J Cardiovasc Thorac Res, 2017, 9(2), 71-77 doi: 10.15171/jcvtr.2017.12
TUOMS Publishing Group
Pulmonary valve replacement in patients with corrected tetralogy of Fallot Fotios A. Mitropoulos1, Meletios A. Kanakis1, Christos Ntellos2, Constantinos Loukas3, Periklis Davlouros4, Theophili Kousi1, Andrew C. Chatzis1* Department of Pediatric and Congenital Cardiac Surgery, Onassis Cardiac Surgery Center, Athens, Greece Department of Cardiology, Tzaneio General Hospital, Piraeus, Greece 3 Department of Medical Physics, Medical School, National and Kapodistrian University of Athens, Greece 4 Department of Cardiology, University General Hospital of Patras, Greece 1 2
Article History: Received: 6 October 2016 Accepted: 22 March 2017 epublished: 4 May 2017
Introduction: Development of pulmonary insufficiency in patients with surgically corrected tetralogy of Fallot (TOF) may lead to severe right heart failure with serious consequences. We herein present our experience with pulmonary valve replacement (PVR) in these patients. Methods: From 2005-2013, 99 consecutive patients (71 males/28 females, mean age 38±8 years), underwent PVR after 7 to 40 (mean 29 ± 8) years from the initial correction. Seventy nine of the symptomatic patients presented in NYHA II, 14 in III and 2 in IV. All underwent PVR with a stented bioprosthetic valve, employing a beating heart technique with normothermic extracorporeal circulation support. Concomitant procedures included resection of aneurysmal outflow tract patches (n = 37), tricuspid valve annuloplasty (n = 36), augmentation of stenotic pulmonary arteries (n = 9), maze procedure (n = 2) and pulmonary artery stenting (n = 4). Results: There were 2 perioperative deaths (2%). One patient developed sternal dehiscence requiring rewiring. Median ICU and hospital stay was 1 and 7 days respectively. Postoperative echocardiography at 6 and 12 months showed excellent bioprosthetic valve performance, significant decrease in size of the right cardiac chambers and reduction of tricuspid regurgitation (TR) in the majority of the patients. At mean follow-up of 3.6 ± 2 years, all surviving patients remain in excellent clinical condition. Conclusion: Probability of reoperation for pulmonary insufficiency in patients with surgically corrected TOF increases with time and timely PVR by preventing the development of right heart failure is crucial for long-term survival. Current bioprosthetic valve technology in combination with the beating heart technique provides excellent immediate and short-term results. Further follow-up is necessary to evaluate long-term outcome.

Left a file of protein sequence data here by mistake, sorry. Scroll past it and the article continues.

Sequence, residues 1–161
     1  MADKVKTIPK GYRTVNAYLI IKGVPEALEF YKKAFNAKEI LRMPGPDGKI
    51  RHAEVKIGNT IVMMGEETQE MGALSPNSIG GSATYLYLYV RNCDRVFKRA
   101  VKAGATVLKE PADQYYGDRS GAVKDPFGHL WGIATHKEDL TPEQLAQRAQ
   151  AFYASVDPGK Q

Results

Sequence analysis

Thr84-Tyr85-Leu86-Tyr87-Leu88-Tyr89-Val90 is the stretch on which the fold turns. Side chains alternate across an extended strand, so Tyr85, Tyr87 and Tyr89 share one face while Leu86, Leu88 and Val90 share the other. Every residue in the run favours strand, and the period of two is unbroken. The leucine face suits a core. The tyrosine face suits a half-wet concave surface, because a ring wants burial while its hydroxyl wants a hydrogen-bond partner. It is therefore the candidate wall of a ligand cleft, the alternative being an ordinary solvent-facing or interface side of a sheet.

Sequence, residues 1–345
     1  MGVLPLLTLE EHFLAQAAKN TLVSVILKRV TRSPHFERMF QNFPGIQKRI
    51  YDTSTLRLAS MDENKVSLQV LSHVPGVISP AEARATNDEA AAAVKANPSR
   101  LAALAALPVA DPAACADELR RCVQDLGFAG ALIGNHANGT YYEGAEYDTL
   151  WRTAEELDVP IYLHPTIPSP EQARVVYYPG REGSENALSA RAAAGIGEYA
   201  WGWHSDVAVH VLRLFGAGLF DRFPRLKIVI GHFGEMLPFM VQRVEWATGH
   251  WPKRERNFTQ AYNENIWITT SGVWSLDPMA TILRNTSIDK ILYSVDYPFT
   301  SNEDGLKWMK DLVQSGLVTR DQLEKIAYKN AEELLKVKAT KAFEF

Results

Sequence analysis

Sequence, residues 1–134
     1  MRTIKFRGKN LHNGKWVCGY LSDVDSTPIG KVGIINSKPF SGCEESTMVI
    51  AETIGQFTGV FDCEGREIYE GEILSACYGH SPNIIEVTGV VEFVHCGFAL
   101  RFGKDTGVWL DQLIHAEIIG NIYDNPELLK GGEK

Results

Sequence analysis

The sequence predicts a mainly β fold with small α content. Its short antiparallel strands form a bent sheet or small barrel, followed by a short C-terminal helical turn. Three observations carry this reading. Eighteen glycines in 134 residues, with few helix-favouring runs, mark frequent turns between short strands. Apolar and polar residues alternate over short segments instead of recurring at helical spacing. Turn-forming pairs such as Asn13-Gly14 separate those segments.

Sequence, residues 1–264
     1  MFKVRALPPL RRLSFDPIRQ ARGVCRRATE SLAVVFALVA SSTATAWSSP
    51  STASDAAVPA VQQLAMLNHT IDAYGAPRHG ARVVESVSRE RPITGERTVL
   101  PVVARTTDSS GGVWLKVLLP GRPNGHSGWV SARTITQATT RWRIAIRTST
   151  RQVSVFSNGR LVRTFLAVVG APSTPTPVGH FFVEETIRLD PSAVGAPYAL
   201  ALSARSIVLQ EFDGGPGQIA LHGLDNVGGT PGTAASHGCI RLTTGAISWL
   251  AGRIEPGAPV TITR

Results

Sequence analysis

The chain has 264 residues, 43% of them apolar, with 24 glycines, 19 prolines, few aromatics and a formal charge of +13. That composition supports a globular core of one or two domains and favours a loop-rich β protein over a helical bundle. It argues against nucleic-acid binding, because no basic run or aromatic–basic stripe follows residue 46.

Adult Congenital Heart Disease Congenital Heart Surgery Pulmonary Valve Reoperation
Please cite this article as: Mitropoulos FA, Kanakis MA, Ntellos C, Loukas C, Davlouros P, Kousi T, Chatzis AC. Pulmonary valve replacement in patients with corrected tetralogy of Fallot. J Cardiovasc Thorac Res 2017;9(2):71-77. doi: 10.15171/jcvtr.2017.12.
Introduction Tetralogy of Fallot (TOF) is one of the commonest cyanotic congenital heart defects (CHD) and its treatment is considered as one of the success stories of modern medicine and surgery.1 Nevertheless, this is hampered by long-term morbidity due to right ventricular (RV) dysfunction secondary to pulmonary regurgitation (PR).2 Therefore, pulmonary valve replacement (PVR) is employed to prevent the detrimental effects of PR.3 Timely management although essential for optimal long-term functional and hemodynamic results, remains undetermined.4 We herein present our experience with PVR in patients with surgically corrected TOF using
stented bioprosthetic valves. Patients and Methods From September 2005 to December 2013, 99 consecutive patients, mean age 38 ± 8 (range 17-51) years, 71 males and 28 females with surgically corrected TOF underwent PVR after a mean time of 29 ± 8 (7-40) years from the initial surgical repair. All patients had undergone surgical correction of TOF with the transannular patch technique. Seventy-nine symptomatic patients presented in NYHA II, 14 in NYHA III and 2 in NYHA IV. Eighty-five patients underwent re-operation for the first time, while 9, 3 and 2 patients were re-operated for the second, third and fourth
*Corresponding Author: Andrew C. Chatzis, Email: [email protected]
© 2017 The Author (s). This is an open access article distributed under the terms of the Creative Commons Attribution License (http://creativecommons. org/licenses/by/4.0), which permits unrestricted use, distribution, and reproduction in any medium, provided the original work is properly cited.
Mitropoulos et al